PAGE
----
Jack Rose is a widely respected and influential figure in the world of acoustic music. His expressive and almost spiritual playing is most often compared to the work of John Fahey, but Rose - who suddenly passed away last December at the young age of 38 – also had a deep love for traditional Americana music, and on Luck in the Valley, a song like the raga-esque “Blues for Percy Danforth” is right at home with a cover of W.C. Handy’s “St. Louis Blues,” of which Rose offers up his own arrangement.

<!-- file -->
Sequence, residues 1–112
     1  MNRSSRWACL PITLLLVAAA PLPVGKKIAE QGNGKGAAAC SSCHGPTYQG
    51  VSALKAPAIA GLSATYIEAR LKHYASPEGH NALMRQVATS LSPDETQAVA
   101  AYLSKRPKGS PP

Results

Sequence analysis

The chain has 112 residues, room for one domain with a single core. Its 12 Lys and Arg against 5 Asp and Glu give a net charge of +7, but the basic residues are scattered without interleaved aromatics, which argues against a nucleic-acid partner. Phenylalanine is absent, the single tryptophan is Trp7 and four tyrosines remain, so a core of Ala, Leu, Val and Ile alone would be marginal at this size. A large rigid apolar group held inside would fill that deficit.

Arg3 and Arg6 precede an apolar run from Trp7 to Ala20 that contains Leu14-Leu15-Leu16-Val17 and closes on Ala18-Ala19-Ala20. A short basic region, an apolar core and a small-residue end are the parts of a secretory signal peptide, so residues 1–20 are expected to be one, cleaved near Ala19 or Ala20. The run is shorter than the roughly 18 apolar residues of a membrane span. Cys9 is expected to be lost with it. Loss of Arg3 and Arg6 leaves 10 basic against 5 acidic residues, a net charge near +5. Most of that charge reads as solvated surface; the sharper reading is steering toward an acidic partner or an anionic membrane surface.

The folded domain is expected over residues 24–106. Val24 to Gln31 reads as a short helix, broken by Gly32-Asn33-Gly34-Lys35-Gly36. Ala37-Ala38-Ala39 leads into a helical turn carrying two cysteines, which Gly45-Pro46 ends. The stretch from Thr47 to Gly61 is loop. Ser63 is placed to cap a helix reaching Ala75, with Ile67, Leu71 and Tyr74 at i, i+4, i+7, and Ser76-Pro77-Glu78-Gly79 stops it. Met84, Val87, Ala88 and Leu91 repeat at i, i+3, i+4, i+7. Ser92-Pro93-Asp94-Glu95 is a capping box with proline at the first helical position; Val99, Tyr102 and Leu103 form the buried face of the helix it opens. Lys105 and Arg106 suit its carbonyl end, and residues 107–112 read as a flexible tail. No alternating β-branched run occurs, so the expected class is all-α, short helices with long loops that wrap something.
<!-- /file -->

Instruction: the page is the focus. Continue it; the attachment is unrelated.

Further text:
In fact, much like the pre-war recordings Rose loved, many of the songs on Luck in the Valley are first takes, lending the album a fair amount of spontaneity and urgency.
Luck in the Valley will appeal not only to those who gravitate to more experimental music, but also those who have a love of traditional acoustic music – a rare feat indeed. Rose’s untimely death leaves a gaping hole in the music world, but if a recent tribute show to Rose at the Issue Project Room in Brooklyn is any indication, his influence will be felt for generations to come.
Luck in the Valley will be released on Thrill Jockey Records on February 23.